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The Royal Family has to deal with a lot of reputation management issues these days, but for those who think this is a modern phenomenon, a fascinating item coming up for auction tells another tale.

In the early 19th century the French watch-making genius that was Abraham-Louis Breguet produced the Tourbillon Watch, a sumptuous gold timepiece that was at the cutting-edge of horological technology. Sought out by the crowned heads of Europe, Breguet had supplied the demands of Marie Antoinette and the Tsar, the King of Spain and even Napoleon.

Much taken by the Tourbillon, in 1808 King George III of Britain – a keen follower of sciences and horology – decided to buy it.

The problem was, England and France were at war and for the King to be seen trading with the French and sending what was the vast sum of 4,800 French Francs across the Channel would have been a public relations disaster.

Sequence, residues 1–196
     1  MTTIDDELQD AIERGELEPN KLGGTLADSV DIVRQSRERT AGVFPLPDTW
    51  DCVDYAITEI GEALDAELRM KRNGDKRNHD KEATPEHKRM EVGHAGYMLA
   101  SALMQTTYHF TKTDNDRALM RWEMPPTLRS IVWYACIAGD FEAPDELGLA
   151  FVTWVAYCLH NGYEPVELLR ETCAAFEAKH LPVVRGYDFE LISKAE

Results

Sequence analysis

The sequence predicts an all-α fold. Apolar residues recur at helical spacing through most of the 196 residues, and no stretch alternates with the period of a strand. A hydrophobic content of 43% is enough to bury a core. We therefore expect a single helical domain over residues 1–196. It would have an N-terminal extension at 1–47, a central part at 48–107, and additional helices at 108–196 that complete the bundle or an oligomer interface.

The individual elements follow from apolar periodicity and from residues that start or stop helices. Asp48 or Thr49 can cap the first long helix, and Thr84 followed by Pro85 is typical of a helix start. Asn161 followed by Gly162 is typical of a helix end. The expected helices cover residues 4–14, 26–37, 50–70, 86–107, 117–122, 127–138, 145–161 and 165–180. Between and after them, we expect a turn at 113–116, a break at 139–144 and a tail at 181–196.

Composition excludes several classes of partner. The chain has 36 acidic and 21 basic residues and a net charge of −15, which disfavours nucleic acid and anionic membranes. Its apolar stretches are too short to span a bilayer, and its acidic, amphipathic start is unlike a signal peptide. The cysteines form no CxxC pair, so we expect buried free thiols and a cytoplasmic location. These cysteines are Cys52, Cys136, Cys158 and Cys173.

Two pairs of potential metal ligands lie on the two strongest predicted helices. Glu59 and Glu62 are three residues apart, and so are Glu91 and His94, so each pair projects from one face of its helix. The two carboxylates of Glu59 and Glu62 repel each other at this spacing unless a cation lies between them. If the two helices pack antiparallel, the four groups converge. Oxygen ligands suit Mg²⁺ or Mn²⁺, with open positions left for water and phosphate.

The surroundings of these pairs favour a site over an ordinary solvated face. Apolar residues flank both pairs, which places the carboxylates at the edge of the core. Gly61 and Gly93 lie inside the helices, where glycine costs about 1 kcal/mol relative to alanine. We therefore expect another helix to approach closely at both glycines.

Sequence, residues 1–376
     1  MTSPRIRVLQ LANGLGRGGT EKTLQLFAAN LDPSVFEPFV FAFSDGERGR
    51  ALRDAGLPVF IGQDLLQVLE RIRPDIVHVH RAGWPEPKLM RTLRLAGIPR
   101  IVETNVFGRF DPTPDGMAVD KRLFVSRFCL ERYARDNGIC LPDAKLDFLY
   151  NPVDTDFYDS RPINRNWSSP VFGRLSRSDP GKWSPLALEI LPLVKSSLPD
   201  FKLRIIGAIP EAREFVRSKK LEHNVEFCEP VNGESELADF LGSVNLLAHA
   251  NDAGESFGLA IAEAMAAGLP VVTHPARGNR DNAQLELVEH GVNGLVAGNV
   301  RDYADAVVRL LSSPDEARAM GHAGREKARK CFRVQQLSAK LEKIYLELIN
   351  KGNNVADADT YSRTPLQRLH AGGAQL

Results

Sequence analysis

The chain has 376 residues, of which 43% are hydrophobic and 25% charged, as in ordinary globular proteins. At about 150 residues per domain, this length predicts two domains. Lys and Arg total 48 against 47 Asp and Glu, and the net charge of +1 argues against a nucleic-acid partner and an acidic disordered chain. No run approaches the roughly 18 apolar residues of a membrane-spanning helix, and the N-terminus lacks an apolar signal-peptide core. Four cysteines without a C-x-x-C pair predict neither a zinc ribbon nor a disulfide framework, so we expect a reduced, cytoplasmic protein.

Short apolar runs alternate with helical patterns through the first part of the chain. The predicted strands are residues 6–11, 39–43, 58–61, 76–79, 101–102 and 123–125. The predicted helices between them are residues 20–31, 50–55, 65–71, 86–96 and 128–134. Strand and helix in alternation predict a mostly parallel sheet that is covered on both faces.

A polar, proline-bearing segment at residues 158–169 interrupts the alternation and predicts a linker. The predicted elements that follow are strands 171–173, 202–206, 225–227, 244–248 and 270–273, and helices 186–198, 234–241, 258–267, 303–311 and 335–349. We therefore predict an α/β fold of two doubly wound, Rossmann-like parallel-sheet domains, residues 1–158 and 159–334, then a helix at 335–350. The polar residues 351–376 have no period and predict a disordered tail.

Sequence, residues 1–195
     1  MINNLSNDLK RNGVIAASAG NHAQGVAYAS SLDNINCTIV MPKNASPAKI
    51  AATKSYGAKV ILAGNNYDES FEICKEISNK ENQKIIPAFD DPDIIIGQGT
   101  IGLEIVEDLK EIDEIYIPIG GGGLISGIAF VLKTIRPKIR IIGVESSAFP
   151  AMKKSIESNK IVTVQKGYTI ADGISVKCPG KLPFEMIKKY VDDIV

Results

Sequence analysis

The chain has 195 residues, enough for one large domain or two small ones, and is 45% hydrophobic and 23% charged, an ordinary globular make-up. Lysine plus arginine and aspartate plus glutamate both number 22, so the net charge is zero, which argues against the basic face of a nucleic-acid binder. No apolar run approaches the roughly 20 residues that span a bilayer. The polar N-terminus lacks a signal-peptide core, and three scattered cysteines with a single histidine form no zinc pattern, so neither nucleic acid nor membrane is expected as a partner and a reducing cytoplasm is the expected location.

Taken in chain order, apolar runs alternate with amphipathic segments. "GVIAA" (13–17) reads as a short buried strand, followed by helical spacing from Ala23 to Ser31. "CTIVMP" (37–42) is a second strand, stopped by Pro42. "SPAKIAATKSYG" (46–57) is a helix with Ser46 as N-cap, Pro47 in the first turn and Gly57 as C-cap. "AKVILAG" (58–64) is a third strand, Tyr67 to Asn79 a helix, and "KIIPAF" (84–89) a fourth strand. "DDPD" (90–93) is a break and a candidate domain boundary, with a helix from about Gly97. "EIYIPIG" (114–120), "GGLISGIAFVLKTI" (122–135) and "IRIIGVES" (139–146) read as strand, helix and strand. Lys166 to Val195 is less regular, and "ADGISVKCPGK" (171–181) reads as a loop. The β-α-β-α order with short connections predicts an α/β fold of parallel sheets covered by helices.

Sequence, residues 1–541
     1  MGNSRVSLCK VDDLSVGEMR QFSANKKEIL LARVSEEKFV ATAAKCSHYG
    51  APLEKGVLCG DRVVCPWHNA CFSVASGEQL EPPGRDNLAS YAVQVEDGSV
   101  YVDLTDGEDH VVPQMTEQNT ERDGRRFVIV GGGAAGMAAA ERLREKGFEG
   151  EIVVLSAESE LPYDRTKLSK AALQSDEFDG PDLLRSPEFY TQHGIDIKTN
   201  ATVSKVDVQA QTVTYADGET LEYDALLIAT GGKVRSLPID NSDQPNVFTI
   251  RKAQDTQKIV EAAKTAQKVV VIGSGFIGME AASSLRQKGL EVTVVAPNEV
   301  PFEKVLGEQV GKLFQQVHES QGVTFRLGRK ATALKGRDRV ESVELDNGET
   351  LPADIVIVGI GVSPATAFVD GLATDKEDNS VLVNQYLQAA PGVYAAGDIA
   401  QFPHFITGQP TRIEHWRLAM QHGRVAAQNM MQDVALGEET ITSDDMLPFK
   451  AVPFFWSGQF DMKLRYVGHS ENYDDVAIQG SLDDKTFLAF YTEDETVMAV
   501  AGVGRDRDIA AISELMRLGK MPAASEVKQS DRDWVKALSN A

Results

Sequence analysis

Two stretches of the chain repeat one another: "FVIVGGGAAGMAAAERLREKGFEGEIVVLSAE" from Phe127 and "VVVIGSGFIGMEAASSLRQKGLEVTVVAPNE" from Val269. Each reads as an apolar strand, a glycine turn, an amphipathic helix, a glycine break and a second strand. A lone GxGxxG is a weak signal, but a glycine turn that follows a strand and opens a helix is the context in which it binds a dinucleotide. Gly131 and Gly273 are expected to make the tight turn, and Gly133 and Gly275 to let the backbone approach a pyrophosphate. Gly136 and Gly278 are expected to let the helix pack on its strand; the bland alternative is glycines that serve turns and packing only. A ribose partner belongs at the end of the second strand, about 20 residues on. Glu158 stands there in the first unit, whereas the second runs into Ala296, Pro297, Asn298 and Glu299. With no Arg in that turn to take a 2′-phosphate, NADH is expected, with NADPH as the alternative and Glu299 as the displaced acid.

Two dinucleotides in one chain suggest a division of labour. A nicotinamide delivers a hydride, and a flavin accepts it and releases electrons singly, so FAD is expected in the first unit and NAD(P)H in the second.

The records tell us that Tourbillon reduced the risk of the watch being seized by only signing the carriage inside it. Exact details of how it was delivered discreetly into the Royal hands remain unclear – hardly surprising bearing in mind the circumstances – but after all the trouble Tourbillon and his associates took to fulfil the order, it transpires that the king never fully paid for the watch.

The final irony is that Sotheby’s have chosen July 14 as the date to put up the watch for sale. That’s Bastille Day, the event that marked the beginning of the French Revolution and the end of the monarchy across the water.